David Marconi the writer and executive producer of the 2017 movie The Foreigner starring Jackie Chan and Pierce Brosnan is a busy man. He did take some time out to talk about his movie and January 9th DVD release. He’s adapted this movie from a book and updated it to match the world we live in. Having Chan in a dramatic role is a bit of a risk for anybody in the business because the U.S. audiences aren’t used to seeing him that way.
“That’s been kind of a shocker for American audiences,” said Marconi. “This is a very serious role where he’s not doing tongue in cheek action kicks and wire work flying through and then smiling and cracking a joke. This is Jackie from Police Story and Karate kid.”
Chan has a lot of layers to his acting. He has audiences all around the world. This performance may get him out of the action star stereotype that American audiences have become accustomed to.
“In China, he’s an actor and a singer a multi-faceted artist. For people to now see him in a role of a grieving father may take some people by surprise,” Marconi stated. “We were very happy with the performance that Jackie put in. He wants to move away from the slapstick kicks and into real performances. He never stops working. The moment we wrapped this movie he was on a plane to work on another one.”
Brosnan is a welcomed addition to any movie but he’s not easy to get.
“Pierce has worked with director Martin Campbell. They had done Goldeneye together. Martin had a relationship with Pierce and Pierce is Irish. It made perfect sense that we’d get him to play the role. The movie is based on a book called “The Chinaman” that was made in the 90’s,” Marconi mentioned. “It was at the time there were troubles in Northern Ireland. As a writer, I had to upgrade it. See who was doing what. Really do the research.
“Pierce’s character is Liam Hennessy, a former IRA now an MP representing Northern Ireland for Parliament.”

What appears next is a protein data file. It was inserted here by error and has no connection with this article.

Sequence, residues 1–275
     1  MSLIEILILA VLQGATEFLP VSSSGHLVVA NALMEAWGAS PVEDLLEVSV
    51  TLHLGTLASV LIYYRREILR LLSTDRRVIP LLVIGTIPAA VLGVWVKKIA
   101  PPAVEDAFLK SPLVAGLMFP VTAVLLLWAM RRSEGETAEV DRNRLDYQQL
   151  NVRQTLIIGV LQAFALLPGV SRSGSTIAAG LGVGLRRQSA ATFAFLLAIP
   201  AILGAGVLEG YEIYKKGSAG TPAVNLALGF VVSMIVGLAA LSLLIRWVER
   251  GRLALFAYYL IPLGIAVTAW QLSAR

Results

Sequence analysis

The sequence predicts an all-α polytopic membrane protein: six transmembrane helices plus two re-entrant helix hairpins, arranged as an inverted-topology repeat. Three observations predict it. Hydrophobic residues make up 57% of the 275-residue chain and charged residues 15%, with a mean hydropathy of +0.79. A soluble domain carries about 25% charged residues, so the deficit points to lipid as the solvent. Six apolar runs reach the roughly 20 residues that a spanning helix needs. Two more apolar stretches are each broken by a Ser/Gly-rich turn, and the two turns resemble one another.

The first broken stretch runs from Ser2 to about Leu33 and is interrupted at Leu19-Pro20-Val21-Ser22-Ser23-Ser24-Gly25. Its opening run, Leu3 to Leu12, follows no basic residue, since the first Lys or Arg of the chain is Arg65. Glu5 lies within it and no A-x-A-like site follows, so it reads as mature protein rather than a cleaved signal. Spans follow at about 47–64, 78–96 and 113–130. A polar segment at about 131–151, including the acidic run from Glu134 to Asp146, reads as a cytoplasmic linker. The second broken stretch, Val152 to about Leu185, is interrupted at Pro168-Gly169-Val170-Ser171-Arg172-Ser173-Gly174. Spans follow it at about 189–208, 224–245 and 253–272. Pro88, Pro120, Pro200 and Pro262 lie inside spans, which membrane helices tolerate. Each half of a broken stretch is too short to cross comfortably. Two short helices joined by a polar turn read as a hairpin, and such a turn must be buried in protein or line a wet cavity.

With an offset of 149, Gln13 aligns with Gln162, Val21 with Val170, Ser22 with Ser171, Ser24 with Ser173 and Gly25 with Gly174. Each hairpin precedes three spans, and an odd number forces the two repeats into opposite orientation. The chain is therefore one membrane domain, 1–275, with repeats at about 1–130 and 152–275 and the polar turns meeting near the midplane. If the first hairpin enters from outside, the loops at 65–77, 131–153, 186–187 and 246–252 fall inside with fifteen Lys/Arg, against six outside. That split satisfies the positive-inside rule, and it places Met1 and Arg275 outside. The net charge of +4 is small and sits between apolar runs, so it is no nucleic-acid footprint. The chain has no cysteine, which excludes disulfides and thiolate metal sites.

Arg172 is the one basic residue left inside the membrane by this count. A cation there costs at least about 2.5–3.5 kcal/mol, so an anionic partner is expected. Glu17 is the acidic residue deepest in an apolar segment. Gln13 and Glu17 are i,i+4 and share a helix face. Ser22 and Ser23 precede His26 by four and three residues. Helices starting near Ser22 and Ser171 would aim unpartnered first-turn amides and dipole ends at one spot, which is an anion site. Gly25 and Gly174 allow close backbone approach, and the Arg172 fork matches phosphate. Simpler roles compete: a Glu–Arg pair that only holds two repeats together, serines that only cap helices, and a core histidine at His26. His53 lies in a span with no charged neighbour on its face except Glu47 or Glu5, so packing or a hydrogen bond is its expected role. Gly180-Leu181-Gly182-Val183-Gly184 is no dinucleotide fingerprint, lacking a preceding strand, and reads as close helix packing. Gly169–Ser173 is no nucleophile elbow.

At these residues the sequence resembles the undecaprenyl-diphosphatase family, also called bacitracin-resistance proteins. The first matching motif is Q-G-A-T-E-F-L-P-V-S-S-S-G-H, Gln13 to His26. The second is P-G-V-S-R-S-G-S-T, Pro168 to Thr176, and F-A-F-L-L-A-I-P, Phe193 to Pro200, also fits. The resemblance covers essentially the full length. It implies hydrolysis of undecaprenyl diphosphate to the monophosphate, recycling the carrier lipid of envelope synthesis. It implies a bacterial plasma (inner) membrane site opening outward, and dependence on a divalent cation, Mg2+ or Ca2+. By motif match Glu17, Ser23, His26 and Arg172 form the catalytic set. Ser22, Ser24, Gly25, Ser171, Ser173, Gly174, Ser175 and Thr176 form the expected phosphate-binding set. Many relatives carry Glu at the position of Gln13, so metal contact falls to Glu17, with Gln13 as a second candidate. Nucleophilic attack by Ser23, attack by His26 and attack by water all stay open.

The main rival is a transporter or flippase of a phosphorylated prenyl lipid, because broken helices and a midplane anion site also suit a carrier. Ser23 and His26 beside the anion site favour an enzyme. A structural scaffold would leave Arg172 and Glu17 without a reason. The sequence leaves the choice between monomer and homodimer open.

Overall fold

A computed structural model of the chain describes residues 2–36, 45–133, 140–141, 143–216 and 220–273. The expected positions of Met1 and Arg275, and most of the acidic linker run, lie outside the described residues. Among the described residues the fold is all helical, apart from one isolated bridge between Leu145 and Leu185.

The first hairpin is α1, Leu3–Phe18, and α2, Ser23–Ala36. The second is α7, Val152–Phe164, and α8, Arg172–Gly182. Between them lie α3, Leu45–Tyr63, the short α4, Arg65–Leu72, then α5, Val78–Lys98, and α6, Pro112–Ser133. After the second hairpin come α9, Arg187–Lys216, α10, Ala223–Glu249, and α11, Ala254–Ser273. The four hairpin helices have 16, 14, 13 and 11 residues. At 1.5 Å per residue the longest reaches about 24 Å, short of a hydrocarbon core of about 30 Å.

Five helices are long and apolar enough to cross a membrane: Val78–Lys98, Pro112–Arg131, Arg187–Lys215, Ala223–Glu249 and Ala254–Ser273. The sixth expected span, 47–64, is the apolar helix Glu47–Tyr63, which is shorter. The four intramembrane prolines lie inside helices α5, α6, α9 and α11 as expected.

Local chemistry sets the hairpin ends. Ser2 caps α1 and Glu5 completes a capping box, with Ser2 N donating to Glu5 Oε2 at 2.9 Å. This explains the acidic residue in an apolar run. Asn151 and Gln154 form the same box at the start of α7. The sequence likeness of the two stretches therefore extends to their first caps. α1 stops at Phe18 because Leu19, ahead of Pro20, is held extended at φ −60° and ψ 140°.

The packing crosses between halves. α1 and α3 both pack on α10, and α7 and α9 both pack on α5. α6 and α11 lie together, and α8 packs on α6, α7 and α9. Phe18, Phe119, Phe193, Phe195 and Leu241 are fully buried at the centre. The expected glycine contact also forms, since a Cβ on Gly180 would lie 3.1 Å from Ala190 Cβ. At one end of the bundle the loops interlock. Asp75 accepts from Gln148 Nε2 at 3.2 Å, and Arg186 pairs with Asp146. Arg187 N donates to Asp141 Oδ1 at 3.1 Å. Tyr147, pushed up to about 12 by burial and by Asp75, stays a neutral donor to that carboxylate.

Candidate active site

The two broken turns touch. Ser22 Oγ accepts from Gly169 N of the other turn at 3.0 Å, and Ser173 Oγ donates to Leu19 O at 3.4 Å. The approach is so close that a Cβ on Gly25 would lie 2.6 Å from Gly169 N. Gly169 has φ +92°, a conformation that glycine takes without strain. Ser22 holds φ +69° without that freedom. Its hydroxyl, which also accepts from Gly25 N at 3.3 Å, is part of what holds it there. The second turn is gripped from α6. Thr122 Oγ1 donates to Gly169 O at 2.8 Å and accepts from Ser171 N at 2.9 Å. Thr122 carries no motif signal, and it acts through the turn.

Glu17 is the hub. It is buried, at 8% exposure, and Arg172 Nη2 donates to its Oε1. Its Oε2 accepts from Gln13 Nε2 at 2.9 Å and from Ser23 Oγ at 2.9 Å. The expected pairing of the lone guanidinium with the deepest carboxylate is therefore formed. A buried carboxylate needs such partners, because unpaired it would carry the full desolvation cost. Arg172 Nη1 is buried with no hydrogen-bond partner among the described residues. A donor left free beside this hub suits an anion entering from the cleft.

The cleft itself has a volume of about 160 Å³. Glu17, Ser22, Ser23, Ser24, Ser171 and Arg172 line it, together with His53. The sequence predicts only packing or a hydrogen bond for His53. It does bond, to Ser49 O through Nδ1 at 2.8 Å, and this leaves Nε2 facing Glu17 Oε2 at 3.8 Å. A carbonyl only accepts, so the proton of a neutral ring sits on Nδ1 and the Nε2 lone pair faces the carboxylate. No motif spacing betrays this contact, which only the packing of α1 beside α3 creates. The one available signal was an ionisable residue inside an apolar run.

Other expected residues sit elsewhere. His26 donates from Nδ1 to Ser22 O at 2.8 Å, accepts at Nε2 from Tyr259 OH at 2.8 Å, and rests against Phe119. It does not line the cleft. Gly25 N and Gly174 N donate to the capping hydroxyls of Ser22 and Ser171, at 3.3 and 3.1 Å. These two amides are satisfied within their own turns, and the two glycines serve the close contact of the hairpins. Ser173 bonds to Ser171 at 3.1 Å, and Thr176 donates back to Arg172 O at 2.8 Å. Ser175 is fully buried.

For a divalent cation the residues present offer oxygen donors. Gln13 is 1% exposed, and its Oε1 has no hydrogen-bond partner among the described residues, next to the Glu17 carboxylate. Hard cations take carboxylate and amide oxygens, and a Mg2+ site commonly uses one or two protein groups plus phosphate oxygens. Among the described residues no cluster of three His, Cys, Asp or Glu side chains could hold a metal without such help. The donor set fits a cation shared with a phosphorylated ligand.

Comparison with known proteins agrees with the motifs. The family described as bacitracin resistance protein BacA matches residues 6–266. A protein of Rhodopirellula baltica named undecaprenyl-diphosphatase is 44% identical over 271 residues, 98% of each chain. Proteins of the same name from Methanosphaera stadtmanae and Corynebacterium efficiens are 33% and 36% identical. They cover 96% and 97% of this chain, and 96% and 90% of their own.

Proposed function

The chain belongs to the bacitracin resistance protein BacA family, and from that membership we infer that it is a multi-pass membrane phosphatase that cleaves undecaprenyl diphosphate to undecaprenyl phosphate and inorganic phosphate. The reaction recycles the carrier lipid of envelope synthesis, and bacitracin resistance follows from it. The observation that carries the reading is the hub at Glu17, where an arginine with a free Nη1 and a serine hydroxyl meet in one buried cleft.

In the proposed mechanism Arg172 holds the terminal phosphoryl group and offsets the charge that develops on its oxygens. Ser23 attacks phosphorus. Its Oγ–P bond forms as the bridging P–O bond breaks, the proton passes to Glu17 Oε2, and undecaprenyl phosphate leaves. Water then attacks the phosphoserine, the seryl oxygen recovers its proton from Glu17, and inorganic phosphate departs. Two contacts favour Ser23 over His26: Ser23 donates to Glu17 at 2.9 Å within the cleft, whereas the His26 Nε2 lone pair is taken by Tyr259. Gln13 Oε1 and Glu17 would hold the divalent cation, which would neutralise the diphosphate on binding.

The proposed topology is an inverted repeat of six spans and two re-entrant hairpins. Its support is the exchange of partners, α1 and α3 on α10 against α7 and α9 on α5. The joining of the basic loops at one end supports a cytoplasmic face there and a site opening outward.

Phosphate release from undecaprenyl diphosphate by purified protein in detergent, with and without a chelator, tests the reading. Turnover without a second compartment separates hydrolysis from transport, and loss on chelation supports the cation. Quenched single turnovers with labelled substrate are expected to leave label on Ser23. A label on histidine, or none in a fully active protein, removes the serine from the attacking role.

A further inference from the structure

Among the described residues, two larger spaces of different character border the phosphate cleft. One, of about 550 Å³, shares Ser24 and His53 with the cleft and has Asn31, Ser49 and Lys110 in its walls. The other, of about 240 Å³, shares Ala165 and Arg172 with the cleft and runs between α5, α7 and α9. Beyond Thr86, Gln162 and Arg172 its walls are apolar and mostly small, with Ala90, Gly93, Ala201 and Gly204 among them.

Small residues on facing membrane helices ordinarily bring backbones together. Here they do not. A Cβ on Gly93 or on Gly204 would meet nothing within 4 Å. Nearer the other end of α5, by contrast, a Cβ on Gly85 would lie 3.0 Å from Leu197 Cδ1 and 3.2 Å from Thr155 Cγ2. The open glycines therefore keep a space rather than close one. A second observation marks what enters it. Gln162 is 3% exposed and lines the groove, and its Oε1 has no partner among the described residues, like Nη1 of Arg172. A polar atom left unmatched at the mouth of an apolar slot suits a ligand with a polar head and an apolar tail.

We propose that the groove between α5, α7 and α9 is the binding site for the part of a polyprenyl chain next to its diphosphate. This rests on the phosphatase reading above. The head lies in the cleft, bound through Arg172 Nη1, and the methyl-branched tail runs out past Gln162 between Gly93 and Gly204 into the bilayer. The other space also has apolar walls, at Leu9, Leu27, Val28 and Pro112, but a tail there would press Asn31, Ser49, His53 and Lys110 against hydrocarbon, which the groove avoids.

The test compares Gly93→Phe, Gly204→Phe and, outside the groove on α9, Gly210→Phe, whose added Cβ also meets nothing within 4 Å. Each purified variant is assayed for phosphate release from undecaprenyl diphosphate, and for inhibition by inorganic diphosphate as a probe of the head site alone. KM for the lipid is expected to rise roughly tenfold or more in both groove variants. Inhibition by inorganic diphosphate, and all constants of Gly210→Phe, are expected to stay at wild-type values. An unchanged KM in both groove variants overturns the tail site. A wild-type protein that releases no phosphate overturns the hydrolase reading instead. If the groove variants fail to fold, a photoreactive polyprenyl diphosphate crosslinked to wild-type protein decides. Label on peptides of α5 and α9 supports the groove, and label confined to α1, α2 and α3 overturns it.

The Netflix age has now opened the market for actors around the world. Previously, a lot of American viewers would never see much of their work.
“Absolutely. Countries are offering tax incentives which makes it kind of beneficial to shoot in these countries. Now you have tax benefits in English speaking countries, such as Ireland, Canada, New Zealand and Australia. You’re exposing a whole pool of actors to the U.S. market.”
Don’t look now but the United States could be losing its grip on having the largest movie going audience.
“The Chinese box office is starting to surpass what we’re used to seeing in the U.S. Studios are paying very close attention to China and are trying to foster a relationship. It’s a huge audience and they do love movies,” he added.
How long will DVD’s last. Are they now a dying breed?
“That’s a good question?” he pondered. “How long did VHS hang out? How long did BETA hang out? What’s next? How long will movie theatres hangout? Eventually the stuff might be beamed right into your head. Maybe a chip? I don’t know? We move in a fast-technological age. Where were we 50 or 100 years ago. Pretty soon we might have hologram movies or smell-o-vision,” he said, stretching the bounds of normalcy. Until I asked him about robot actors? Would he work with them?
“As long as they were good. Yeah, but they’d probably complain about their meal breaks, “he laughed. “They’d probably have an agent show up because you’re using the robot too long. I think it would be great but I do like working with real actors. They are fun and filled with surprises sometimes.”
At the end of the day human writers will always be in demand.
“I do know what we’ll always need are stories. People like to be entertained and have certain buttons pushed. It’s a great escape. There’s something kind of warm and fuzzy about movies.”
Learn more about the movie here: